Oak Island

Also known as: William Seabrook, Jr. House
1 mi. off Oak Island Rd. on Westbank Creek, Edisto Island, South Carolina


Oak Island, Facade

South Carolina Department of Archives and History

View this photo at nationalregister.sc.gov



Oak Island, built ca. 1828-31 by William Seabrook, Jr., is significant architecturally and agriculturally as a remaining example of the large antebellum plantation houses on Edisto Island associated with the wealth attained through the production of sea island cotton. Oak Island is a two-and-one-half story, rectangular plan (with projecting two- story rear pavilion), central-hall, frame, weatherboard-clad residence. The gable-end roof is pierced at the rear slope by two, massive, interior chimneys with heavily corbelled caps and necking. The front roof slope has three, symmetrically-placed, gabled dormers. A one-story, six bay, hipped roof porch extends fully across the façade and wraps around the right elevation another five bays. Plain wooden columns support the porch roof; there is a plain balustrade between the columns. The gable ends are pedimented with a flushboard tympanum and two, quarter round windows with fixed shutters. The house was named for the grove of trees around it. The lawns encircling the house in the antebellum period occupied acres, which camellias of every then known species, 1,500 varieties of roses, an apiary and a fish pond in the middle of which there was a latticed house covered with roses. This park-like environment was in 1860, the year of William Seabrook, Jr.’s death, at the center of a 405-acre plantation, on which there belonged 174 slaves. There are no remaining outbuildings or garden buildings extant. Listed in the National Register November 28, 1986. - SCDAH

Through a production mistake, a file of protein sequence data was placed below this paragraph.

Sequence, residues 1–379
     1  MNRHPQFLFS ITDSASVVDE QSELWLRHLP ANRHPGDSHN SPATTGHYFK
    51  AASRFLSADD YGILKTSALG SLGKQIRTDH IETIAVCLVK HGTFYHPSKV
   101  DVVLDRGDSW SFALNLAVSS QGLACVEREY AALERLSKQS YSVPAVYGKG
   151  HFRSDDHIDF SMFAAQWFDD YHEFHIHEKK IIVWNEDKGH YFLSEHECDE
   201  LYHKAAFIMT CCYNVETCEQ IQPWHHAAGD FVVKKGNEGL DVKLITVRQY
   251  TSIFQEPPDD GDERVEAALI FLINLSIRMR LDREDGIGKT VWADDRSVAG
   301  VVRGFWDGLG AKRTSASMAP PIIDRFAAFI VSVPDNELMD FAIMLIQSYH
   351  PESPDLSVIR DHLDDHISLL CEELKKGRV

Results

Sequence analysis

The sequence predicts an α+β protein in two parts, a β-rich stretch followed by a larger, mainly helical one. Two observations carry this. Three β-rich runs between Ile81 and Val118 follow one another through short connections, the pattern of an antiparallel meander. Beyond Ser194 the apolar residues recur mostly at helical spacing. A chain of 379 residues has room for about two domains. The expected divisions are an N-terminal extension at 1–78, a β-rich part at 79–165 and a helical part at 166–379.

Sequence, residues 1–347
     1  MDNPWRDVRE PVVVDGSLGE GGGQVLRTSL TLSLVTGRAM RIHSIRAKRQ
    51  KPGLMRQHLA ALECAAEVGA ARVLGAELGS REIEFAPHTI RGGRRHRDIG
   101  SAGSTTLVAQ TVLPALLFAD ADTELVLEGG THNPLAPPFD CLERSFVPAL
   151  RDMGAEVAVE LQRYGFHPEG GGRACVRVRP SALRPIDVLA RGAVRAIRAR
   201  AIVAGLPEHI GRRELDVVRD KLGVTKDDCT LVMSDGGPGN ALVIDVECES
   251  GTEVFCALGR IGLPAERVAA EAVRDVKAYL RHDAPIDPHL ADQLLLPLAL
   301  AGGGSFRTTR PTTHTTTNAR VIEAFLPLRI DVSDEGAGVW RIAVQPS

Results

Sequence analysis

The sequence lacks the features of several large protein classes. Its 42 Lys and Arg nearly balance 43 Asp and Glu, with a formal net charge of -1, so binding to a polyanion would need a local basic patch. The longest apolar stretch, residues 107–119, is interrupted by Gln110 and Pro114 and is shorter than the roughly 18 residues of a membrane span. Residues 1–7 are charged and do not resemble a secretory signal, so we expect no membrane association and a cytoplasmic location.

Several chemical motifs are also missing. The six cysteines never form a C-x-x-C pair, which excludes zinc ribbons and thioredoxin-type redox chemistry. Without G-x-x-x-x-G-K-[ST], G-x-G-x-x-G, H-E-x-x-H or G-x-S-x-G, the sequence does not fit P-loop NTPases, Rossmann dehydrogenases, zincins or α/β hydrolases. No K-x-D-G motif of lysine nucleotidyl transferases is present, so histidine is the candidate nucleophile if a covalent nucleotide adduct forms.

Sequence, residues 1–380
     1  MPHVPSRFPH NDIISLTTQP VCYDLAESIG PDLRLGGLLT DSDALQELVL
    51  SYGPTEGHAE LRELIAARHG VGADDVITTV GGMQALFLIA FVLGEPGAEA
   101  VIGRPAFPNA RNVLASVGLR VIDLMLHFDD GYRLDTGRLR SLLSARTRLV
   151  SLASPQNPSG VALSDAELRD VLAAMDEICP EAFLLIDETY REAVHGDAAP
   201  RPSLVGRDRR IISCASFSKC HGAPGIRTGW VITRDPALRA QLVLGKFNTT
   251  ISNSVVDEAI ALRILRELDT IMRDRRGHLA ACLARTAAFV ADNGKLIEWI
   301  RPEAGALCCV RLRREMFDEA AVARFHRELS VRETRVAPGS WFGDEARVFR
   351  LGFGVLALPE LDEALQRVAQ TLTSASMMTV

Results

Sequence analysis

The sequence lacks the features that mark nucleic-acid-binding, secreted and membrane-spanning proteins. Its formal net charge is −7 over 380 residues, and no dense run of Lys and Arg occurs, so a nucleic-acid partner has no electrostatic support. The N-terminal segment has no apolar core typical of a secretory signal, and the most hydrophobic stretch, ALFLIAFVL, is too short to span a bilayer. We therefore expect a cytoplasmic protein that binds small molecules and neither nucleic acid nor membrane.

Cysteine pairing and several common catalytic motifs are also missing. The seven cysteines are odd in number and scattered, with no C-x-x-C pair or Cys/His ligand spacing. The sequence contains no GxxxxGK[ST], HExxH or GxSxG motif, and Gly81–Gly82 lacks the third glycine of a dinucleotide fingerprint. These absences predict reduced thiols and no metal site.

National Register information 

Posted to the National Register of Historic Places on November 28, 1986
Reference number
Areas of significance
Architecture; Agriculture
Level of significance
Evaluation criteria
A - Event; C - Design/Construction
Property type
Historic function
Single dwelling
Current function
Single dwelling
Periods of significance
1850-1874; 1825-1849
Significant year
ca. 1830

Update Log 

  • August 19, 2014: Photo imported by Michael Miller
  • July 23, 2014: Updated by Michael Miller: Added "Alternate Name" & "Description"

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